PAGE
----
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close this bookAn Overview of Disaster Management (Department of Humanitarian Affairs/United Nations Disaster Relief Office - United Nations Development Programme , 1992, 136 p.)
close this folderChapter 3. Linking disasters and development 1
View the document(introduction...)
View the documentIntroduction
View the documentDisruption of development by disasters
View the documentHow development may cause disasters
View the documentDevelopment opportunities afforded by disasters

Disruption of development by disasters

Disasters can seriously disrupt development initiatives in several ways, including:

· Loss of resources
· Interruption of programs
· Impact on investment climate
· Impact on the non-formal sector
· Political destabilization

Loss of resources

Development resources are lost when a disaster wipes out the products of investment - it shortens the life of development investments. The disasters affect development through:

· Impact on capital stock and inventory

· Loss of production and provision of services due to disruption and increased cost of goods and services

· The secondary effects of the disaster include inflation, balance of payment problems, increase in fiscal expenditure, decreases in monetary reserves

· Other indirect losses, for example: the impact on a country’s debt position could be that as the debt service burden increases, the country has less resources available to invest in productive enterprises

· The outcome of these losses of resources include: loss of economic growth, delays to development programs, cancellation of programmes, and disincentives to new investment

· There may also be a shift in skilled human resources toward high visibility recovery activity - a diversion from long-term to short-term needs.

Interruption of programs

Disasters interrupt ongoing programs and divert resources from originally planned uses.

Impact on investment climate

Disasters, especially when they have occurred repeatedly within a short period of time, have a negative impact on the incentive for further investment. Investors need a climate of stability and certainty to be encouraged to risk their money. The disaster further clouds the investment picture when it has caused loss of employment, thereby depressing market demand, and resulting in a stagnation which limits overall growth.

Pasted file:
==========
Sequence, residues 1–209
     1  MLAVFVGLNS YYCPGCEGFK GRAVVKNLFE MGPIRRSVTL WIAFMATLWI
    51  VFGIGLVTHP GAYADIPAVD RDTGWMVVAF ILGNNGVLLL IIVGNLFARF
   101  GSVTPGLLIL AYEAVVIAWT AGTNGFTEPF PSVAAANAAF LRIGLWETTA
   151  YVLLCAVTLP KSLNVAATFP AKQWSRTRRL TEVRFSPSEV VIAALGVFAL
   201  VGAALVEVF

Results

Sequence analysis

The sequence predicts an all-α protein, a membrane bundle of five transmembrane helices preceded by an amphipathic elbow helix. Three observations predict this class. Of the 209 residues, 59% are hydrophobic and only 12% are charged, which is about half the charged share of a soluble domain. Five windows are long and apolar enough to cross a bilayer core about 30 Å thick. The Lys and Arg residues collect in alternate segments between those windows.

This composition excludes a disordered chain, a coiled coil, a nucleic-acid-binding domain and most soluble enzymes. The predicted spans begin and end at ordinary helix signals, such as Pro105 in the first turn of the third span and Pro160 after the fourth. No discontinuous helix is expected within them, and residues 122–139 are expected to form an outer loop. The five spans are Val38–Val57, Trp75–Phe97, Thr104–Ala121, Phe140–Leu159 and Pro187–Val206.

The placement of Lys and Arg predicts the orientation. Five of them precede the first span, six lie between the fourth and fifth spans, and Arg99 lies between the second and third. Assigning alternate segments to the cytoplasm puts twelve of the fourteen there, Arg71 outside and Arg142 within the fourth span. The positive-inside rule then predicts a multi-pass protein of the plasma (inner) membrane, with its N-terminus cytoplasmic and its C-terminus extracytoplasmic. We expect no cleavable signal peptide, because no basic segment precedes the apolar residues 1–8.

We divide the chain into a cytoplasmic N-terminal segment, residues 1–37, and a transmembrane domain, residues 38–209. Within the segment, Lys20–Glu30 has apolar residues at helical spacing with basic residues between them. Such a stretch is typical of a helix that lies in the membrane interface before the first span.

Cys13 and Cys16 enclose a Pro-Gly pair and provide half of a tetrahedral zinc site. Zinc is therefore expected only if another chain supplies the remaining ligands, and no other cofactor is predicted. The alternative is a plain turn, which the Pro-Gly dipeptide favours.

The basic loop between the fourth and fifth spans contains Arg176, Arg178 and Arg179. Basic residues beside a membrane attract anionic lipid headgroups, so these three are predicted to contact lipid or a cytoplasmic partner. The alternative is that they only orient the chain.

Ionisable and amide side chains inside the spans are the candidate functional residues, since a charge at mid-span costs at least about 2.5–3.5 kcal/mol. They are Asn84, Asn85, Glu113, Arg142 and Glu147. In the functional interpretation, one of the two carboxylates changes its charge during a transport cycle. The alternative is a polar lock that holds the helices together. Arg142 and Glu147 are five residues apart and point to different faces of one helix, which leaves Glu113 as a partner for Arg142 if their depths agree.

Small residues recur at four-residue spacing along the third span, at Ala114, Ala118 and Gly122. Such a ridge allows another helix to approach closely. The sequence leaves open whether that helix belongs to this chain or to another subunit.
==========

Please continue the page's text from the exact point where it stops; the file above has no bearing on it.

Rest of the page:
Impact on non-formal sector

Disasters have special negative impacts on the non-formal sector where approximate costs of disasters are often underestimated. Disasters depress the non-formal economy through the direct costs of lost equipment and housing (which often also serves as business sites). The indirect costs of disasters include lost employment, and lost income. Sometimes the importation of relief items creates disincentives to producers.

Political destabilization

The stress to a country caused by a disaster often results in the destabilization of the government. This may occur for several reasons. For example, the government may have mismanaged the disaster relief and recovery, leading to discontent on the part of affected communities. Or the survivors may have had unmet expectations which, for whatever reason, translate into some form of protest. The government could also become the scapegoat for problems beyond its control, again leading to its possible downfall. In fact, it is very common for a government to collapse or be overthrown within two or three years of a major disaster.

Q. Recall the most recent disaster with which you are familiar. Based on that experience, respond to the following.



Identify a facility critical to the local economy that was knocked out of service.


Name one development project that was interrupted.


Identify one case of an investment that was withdrawn or reduced because of the disaster.


Identify one case of non-formal sector employment that was lost because disaster relief displaced the need for it.


Describe an example of how the government may have been destabilized by the disaster.